Accepting our complexities without judgement or reaction is the first step. It can be uncomfortable. In my friend’s case, it was tinged with the possibility of disappointment. He could have accepted that as his end point. He took a different path. One that required more of him to create his desired future.

I am inspired by the people like my friend, who can see the challenges before them and still take that first step. In the midst of the confusion and the chaos of our modern world, these are the lighthouses I look to for hope.

Nutritious News

Media-Bias-Chart_Version-3.1_Watermark-min-2 (1).jpg

Erik and Aicila had the pleasure of talking to Vanessa Otero Founder of Adfontes Media. Otero created the media bias chart to give consumers an objective way to evaluate the quality of the news they read. Listen to our podcast to get more understanding of her methods, what inspired her, and her next steps.

Transcript here:

Further reading:

Junk Food and Junk News_ The Case for “Information Fitness” - ad fontes media:

Deep Fake_ Videos Created By AI Just Got Even More Terrifying _ IFLScience, Jun 7, 2018:

BiCurean Moment:

Read Senator-elect Kyrsten Sinema's victory speech, Nov 12, 2018:

Unite and Conquer:

What Happens When You Shop Local - Independent We Stand _ Independent We Stand:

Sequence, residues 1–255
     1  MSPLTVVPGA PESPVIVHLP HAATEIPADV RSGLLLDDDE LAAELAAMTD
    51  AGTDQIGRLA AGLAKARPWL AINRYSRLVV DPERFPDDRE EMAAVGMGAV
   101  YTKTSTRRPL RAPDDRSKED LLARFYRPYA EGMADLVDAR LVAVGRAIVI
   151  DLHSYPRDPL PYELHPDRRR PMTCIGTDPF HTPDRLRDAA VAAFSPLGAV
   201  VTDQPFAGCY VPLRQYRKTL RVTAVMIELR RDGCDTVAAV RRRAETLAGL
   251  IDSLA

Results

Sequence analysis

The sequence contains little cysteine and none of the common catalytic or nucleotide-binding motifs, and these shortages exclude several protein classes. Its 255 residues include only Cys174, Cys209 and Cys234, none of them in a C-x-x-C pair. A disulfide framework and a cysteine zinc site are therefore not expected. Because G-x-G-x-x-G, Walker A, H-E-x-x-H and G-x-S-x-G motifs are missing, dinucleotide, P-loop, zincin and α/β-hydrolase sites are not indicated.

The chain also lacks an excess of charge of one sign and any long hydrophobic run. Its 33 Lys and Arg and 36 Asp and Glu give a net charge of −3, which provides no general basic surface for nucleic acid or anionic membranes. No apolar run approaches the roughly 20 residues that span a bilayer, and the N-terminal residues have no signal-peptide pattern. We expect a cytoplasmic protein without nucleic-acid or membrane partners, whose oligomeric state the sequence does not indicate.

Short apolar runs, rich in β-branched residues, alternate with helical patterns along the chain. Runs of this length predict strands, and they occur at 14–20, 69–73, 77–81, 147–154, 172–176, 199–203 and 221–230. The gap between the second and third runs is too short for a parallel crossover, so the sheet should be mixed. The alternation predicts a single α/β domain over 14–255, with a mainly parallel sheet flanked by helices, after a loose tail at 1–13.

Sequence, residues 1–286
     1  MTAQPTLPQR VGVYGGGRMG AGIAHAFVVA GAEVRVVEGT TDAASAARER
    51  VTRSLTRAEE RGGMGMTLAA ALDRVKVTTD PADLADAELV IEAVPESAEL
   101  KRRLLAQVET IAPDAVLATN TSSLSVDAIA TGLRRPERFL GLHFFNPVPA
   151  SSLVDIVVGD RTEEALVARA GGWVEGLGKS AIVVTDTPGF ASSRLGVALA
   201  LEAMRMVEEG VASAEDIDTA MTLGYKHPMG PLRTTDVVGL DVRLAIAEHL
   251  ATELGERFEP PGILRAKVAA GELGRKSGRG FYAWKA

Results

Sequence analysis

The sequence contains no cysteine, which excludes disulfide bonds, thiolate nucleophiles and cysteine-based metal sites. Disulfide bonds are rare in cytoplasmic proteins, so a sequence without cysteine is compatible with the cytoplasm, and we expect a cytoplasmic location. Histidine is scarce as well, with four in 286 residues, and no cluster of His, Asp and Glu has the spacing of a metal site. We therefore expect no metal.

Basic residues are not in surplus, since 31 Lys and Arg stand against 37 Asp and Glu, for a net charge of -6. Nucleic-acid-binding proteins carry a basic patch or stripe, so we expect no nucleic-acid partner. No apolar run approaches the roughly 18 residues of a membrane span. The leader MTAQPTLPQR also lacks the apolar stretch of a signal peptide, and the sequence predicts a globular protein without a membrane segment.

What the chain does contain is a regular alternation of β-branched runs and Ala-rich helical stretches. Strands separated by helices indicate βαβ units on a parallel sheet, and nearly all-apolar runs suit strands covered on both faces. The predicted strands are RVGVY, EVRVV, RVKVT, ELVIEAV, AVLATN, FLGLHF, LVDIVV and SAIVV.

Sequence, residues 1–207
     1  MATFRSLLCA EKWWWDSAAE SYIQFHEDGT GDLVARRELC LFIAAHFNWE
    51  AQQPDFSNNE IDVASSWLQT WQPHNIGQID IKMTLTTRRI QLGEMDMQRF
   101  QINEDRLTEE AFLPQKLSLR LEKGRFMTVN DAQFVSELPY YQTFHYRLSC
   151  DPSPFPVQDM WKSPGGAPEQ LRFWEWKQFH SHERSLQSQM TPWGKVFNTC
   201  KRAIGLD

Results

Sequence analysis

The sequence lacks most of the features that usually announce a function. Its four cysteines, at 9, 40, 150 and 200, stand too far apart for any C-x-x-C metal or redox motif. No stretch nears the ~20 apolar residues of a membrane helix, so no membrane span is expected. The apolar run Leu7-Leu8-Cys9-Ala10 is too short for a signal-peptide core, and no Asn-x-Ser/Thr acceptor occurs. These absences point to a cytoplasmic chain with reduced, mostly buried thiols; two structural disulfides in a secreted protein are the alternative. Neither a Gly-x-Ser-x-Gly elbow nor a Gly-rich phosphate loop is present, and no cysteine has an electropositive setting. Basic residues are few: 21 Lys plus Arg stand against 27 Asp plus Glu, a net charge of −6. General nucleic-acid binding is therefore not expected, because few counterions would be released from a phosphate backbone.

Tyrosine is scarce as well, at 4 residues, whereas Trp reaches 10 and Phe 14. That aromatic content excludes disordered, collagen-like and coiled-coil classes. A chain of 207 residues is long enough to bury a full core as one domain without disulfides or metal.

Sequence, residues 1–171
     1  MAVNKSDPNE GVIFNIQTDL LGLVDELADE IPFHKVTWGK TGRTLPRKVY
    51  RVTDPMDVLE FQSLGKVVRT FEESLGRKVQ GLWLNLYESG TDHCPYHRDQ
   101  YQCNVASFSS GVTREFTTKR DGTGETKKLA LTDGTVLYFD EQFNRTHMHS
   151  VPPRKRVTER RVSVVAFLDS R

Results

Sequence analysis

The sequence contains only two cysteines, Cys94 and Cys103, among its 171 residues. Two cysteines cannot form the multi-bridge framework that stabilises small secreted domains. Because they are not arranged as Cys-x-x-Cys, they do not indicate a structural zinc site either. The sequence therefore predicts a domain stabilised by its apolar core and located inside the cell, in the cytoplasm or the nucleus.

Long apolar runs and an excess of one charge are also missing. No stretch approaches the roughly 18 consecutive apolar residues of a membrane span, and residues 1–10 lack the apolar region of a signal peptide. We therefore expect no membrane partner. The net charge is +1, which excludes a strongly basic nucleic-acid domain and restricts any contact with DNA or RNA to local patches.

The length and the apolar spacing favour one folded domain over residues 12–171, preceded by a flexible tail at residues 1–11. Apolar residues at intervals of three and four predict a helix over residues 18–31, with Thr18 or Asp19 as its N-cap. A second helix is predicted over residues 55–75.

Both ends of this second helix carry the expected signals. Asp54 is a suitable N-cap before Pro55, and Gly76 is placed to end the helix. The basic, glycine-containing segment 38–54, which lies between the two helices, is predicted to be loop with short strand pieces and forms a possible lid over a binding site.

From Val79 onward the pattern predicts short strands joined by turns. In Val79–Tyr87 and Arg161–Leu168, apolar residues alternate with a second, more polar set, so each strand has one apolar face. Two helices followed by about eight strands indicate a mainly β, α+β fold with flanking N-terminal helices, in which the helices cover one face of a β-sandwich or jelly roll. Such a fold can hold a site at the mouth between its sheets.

Honesty Compels Me


Honesty compels me to acknowledge that I knew what I was getting into. Honesty demands I say that's totally hogwash. As if anyone can know the future. That's for the science fiction writers and philosophers to figure out. So I didn't know. I did choose. This was no accidental action. I embraced the consequences with 100% ignorance and leaped into my life.

And from the first moment, I was fully committed. I changed my daily routine, my work schedule, my diet... Everything was impacted. Everything was changed. I was serene. I knew I'd chosen well. You captivated my heart, my mind, my soul. I would do anything to care for you. I remember feeling rage overcome me, like the slow relentless flow of lava from the mouth of the volcano. I'd realized the world would hound you for your gentle heart, cause you to question your worth, never fully appreciate you. I wanted to protect you with my lava rage, surround you with it, make you an island, safe. I resisted. My rage poured through me, carving paths of sorrow and regret, melting me.

So when you say, don't worry mom, you don't understand. How can I explain it isn't worry that drives me. Or not mostly worry. Yes. I worry. I don't usually share those started-awake-scared-you-are-in-pain-or-lost-and-I'm-not-there moments. You both had nightmares, I don't have to imagine your screams. I don't worry about you. Any more than I worry about my breathing. I care for you, from the first moment you were conceived until my consciousness is no longer capable of perceiving you.

The process of mom-ing is a constant hold and release. And sometimes I was too slow to hold, others I was too quick to release. And there were those rare jewels when it all came together and it shone with the working out. With the sparkle in your eyes when you did it. I was so proud.

The best way to hold you now is to release you.